A few weeks ago, I made my little directorial debut in the form of a TV commercial for Nissan. Unusually for this industry, there was no agency involved; I developed the board with the client and we dealt directly. I suppose that’s also how I landed up being director. The dust has settled, the post-shoot euphoric rush has somewhat calmed down, and I’m now able to put some coherent thoughts together on the whole experience and what it means for my career in the long term.
The honest truth is that for the longest time, I didn’t ever think I could make the jump. I simply couldn’t see beyond single frames; firstly in the form of still life/ product setups – such as the ones I do for my watch or architecture photography – and then later on during my reportage work. You work so hard to condense all elements of the story into a single frame that expanding it into a sequence seems almost like the easy way out, because causality is fixed and dictated directly to your audience. And let’s not even talk about cuts and transitions – where do you use fades? Wipes? Direct cuts? How much should the camera move? Pan or track? Etc. It was a foreign world, and one that I simply didn’t understand.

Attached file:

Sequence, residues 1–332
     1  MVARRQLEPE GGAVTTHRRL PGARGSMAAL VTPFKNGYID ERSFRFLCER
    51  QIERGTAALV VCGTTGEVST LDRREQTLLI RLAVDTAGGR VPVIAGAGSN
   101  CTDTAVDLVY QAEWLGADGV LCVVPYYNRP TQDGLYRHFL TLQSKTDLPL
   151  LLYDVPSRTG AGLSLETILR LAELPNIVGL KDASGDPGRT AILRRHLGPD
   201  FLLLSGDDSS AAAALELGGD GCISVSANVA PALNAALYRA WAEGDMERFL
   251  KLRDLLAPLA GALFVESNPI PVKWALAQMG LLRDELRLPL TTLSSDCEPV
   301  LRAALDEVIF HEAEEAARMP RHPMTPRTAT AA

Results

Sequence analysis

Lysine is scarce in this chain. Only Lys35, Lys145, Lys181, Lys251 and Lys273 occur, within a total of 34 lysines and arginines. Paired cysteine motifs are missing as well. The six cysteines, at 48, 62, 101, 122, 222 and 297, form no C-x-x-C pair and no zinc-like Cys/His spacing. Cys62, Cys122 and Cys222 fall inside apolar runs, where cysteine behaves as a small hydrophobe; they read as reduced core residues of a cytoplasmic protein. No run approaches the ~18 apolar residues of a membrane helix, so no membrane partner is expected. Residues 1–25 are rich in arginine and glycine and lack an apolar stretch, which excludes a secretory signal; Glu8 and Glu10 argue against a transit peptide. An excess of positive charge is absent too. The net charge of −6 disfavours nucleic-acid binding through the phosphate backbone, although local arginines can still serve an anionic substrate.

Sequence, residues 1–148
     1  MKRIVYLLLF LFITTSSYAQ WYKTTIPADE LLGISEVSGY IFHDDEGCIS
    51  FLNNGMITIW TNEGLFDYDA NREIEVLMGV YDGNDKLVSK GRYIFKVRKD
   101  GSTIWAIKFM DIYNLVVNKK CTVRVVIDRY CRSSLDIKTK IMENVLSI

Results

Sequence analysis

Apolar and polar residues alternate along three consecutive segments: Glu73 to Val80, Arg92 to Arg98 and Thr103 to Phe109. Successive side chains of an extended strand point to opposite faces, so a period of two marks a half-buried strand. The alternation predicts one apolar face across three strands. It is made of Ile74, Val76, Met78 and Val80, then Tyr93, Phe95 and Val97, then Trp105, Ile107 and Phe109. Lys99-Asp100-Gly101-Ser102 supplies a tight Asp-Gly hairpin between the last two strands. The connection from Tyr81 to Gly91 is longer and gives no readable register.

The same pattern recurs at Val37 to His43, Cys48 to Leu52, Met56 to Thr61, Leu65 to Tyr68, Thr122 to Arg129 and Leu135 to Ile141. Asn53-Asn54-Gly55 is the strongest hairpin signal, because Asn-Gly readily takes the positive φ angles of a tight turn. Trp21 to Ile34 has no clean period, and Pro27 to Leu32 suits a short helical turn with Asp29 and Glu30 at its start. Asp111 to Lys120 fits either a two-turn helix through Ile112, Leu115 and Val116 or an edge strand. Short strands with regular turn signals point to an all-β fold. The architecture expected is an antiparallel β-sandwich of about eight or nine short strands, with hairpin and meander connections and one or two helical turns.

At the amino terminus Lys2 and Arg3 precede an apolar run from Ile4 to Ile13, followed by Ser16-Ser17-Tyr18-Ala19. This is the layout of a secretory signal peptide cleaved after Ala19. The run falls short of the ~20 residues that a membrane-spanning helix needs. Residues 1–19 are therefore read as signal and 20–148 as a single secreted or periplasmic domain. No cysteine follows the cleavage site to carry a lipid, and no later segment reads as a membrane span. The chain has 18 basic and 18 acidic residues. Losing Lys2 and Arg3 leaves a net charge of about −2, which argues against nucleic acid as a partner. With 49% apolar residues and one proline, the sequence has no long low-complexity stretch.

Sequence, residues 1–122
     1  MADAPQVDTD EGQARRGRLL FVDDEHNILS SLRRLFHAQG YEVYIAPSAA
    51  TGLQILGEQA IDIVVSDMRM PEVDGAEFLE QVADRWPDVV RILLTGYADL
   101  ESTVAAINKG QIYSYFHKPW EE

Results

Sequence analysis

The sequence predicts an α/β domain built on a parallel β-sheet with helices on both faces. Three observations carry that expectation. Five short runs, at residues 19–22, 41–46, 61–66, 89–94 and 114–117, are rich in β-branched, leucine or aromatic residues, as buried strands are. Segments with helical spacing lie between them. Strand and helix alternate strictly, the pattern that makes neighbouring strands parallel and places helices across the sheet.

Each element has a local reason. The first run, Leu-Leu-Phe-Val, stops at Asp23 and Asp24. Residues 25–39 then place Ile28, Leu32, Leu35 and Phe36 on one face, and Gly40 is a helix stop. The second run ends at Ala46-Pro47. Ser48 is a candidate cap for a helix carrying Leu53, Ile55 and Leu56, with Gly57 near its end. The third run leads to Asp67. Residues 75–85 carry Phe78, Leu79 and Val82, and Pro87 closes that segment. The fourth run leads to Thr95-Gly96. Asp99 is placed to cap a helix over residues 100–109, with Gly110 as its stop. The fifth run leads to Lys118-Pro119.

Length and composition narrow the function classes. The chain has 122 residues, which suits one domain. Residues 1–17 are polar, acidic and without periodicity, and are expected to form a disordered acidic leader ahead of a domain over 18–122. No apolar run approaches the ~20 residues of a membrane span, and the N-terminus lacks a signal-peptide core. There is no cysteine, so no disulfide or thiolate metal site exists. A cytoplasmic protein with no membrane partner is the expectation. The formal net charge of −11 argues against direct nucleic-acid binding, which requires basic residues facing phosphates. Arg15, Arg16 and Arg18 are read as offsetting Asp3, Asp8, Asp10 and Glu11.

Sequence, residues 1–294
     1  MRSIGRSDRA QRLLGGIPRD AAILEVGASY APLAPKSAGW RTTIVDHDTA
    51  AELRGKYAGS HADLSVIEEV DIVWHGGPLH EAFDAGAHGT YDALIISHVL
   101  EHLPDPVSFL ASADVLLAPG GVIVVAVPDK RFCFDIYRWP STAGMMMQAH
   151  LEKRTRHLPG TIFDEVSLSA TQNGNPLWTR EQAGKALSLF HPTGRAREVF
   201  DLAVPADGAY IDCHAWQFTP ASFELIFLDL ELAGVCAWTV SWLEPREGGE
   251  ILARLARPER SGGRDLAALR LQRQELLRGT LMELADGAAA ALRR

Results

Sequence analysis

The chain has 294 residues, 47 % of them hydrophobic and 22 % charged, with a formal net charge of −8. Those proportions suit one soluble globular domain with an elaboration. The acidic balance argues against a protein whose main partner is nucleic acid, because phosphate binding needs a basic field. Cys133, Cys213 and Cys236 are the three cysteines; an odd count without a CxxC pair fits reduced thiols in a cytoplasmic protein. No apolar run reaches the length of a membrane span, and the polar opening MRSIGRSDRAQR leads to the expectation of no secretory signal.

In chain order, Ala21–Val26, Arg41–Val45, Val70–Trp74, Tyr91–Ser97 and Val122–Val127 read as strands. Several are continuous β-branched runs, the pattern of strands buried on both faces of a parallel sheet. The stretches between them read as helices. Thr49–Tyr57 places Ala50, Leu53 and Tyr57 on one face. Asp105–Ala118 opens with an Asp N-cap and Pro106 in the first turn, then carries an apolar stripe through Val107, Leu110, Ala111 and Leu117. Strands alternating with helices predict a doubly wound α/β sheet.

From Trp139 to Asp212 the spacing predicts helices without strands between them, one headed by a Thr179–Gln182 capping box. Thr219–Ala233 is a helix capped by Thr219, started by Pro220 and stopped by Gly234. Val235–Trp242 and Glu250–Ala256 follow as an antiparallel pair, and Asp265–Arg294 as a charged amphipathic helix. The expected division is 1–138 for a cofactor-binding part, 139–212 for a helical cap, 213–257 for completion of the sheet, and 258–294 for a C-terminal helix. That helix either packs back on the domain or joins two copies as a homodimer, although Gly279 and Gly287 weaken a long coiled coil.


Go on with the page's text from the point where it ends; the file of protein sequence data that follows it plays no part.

In early 2010, a job in a previous life required me to produce a short corporate video for a project my company was doing and that I was managing. Being the control freak and generally creative person I am, I developed the board together with the production house and was on set for the entire thing. I doubt I contributed anything useful, but I definitely did learn a lot about how these things worked behind the scenes and the roles of each person. At the time, digital filmmaking revolved mostly around DSLRs; we shot the production on a 5DII with adapted C/Y Zeiss lenses. Coincidentally, I also happened to be using identical lenses – the ZF.2s are mostly based on the C/Y designs, with the exception of the 15/21/55 and 135 – and I made it my aim to match the end video result as closely as possible because we also needed production stills for the project.